3. yummy64 Says:

    I agree the overnight soak is a must. I am not so religious about changing my water. I usally ony change the soak water once or twice. I always cook them in fresh water when I do bring them to the boil.. but I really don't fuss. Start them off cold and get them to boiling then down to a simmer. Cook for a while and check.. then decide what to do more cooking or drain.

    Plain water - yup a must.

    I think we all have different methods of exactly how. The only one I'd not recommend is the quick soak method. Too often that leads to hard beans.

  4. mountainmist Says:

    I didn't used to change the water so frequently in years past, but nowadays, with all the new "designer bugs" and various "stealth viruses" - I am constantly changing the rinse water until their final overnight soak.

    Many people do not realize that the legume is a SEED, and it must be soaked long enough to start the actual sprouting process, or otherwise it simply is not digestible.

    The reason for the two pots of boiling water and dumping out their first water is that way too many cooks through the generations have stated that this is the way to help remove some of the chemicals that create gas ---- maybe scientists disagree, but I'll go with the previous generations who lived on legumes, LOL.

    And the reason to sprinkle the uncooked beans into the boiling water, without ever letting the water go below the boiling point is that way too many people have told me that this is the way to make certain that the bean cooks to softened consistency desired, something about "popping/cracking" the kernal of the bean.



  5. LuxLiving Says:

    Okay OKAY...really old black beans are soaking! Will rinse and repeat soaking today and leave in frig soaking overnight and will cook them tomorrow. How depends on how soft they feel in the morning I suppose. Maybe crock them maybe boil them.

  6. princessperky Says:

    Huh, I gave up on beans (for the third time) last month, but changing rinse water? will that really help? And two pots of water? seems like a lot of work, I wouldn't mind if it worked, but....dunno, been burned by beans a lot....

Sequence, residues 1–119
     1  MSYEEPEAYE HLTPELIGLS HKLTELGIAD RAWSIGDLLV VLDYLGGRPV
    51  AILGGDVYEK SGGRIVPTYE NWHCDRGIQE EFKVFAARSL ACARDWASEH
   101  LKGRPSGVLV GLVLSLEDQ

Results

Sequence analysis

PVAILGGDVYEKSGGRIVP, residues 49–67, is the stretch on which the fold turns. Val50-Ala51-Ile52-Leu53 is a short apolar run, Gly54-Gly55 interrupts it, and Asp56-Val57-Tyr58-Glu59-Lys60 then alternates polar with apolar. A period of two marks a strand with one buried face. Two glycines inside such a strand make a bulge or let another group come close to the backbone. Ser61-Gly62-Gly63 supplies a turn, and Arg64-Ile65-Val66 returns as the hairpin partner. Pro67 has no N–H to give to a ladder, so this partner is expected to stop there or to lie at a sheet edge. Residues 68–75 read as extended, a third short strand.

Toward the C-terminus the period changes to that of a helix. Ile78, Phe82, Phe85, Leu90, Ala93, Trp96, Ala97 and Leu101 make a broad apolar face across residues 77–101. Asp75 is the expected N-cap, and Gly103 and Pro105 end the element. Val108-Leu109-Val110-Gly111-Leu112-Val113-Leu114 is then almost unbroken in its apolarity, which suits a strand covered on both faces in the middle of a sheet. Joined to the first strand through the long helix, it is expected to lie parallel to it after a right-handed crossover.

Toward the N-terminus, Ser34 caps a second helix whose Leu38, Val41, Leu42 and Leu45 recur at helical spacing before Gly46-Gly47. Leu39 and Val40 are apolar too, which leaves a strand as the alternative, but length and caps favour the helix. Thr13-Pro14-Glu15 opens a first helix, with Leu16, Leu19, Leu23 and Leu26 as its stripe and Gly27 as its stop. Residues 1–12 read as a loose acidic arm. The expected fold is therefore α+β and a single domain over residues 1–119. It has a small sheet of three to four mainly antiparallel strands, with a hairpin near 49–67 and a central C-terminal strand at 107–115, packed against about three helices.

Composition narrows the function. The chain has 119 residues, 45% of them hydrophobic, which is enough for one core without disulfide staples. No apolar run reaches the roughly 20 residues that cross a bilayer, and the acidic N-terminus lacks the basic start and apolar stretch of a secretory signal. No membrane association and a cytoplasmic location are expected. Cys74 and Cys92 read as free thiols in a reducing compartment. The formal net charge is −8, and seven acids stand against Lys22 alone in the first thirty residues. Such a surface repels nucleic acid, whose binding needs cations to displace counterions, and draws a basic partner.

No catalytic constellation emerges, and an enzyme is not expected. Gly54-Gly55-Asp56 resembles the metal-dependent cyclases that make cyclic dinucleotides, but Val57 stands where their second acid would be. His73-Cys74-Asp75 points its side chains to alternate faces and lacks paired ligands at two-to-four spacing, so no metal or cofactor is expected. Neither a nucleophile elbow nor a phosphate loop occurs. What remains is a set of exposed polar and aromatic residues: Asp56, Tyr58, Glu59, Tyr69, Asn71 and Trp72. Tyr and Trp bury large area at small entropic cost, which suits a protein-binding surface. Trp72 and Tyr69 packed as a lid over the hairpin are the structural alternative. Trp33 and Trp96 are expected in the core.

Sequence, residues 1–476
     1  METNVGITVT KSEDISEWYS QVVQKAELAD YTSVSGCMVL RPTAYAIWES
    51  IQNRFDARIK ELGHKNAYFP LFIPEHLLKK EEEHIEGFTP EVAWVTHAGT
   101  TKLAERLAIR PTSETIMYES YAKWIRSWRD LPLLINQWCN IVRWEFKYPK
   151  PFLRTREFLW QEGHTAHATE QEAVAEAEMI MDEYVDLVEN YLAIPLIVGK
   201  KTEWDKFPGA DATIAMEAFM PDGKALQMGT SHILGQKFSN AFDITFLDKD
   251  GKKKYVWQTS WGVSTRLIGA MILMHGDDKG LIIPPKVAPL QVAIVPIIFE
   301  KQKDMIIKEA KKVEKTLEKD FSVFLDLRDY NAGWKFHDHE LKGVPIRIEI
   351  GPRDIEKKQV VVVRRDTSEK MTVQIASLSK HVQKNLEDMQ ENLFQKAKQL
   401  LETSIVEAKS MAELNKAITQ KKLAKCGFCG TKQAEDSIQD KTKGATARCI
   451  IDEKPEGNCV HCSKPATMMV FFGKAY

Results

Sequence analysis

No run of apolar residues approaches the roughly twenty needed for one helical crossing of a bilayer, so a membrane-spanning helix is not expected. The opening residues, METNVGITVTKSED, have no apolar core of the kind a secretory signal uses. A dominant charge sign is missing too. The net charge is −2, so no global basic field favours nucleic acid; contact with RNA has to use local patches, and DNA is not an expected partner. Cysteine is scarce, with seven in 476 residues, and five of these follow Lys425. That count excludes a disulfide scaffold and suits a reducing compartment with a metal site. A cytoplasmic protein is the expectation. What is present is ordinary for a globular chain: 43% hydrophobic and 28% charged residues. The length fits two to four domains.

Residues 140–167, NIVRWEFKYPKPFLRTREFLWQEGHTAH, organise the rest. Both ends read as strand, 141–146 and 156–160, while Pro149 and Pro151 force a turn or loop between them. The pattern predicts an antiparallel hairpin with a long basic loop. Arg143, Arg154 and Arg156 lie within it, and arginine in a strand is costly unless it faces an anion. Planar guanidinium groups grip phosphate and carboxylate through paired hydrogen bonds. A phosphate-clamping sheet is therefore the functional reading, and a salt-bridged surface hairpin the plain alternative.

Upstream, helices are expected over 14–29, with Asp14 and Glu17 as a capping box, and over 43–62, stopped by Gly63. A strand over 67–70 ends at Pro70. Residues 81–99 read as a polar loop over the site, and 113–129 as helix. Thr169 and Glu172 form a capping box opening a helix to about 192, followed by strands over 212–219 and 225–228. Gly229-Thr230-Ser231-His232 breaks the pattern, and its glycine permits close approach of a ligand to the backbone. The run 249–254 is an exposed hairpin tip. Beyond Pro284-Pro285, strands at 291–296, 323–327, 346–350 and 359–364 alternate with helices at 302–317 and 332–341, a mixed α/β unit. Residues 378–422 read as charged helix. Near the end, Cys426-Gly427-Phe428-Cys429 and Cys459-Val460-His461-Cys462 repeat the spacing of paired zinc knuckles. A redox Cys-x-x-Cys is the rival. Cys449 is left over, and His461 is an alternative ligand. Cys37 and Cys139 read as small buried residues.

7. mountainmist Says:

    Yep, get those two pots boiling, and be sure that when you first pour the soaked beans into the pot that you merely slowly sprinkle them in -- do NOT pour so quicky that the water ever stops boiling.

    Once all the beans are in the boiling water, then count to 200.

    Be certain the water in the second pot is boiling.

    Have your strainer ready at the sink, dump out the water & beans into the strainer, and as quickly as possible get those beans into the second pot.

    And as soon as the water WITH beans returns to a boil, then you reduce the heat to a simmer - until the beans are done.

    If your beans are several years old, it may not work.

    That might require soaking them until they show signs of actual sprouting. Then if you catch them in time, you can cook, as above.

    Elsewise, keep on rinsing them for several days, leaving them OUT of water, in a dark place.

    Garbanzo beans and sunflower seeds taste particularly good and are very crunchy when sprouted. Other legumes are "edible," but I won't comment upon their taste.

    Fenugreek seeds sprouted are really strong.

    Sprouted beans & sprouted seeds are great additions to most salads, except in the case of the sprouted garbanzos or sunflower seeds, they usually taste so very good, they won't last the length of time needed to prepare a salad.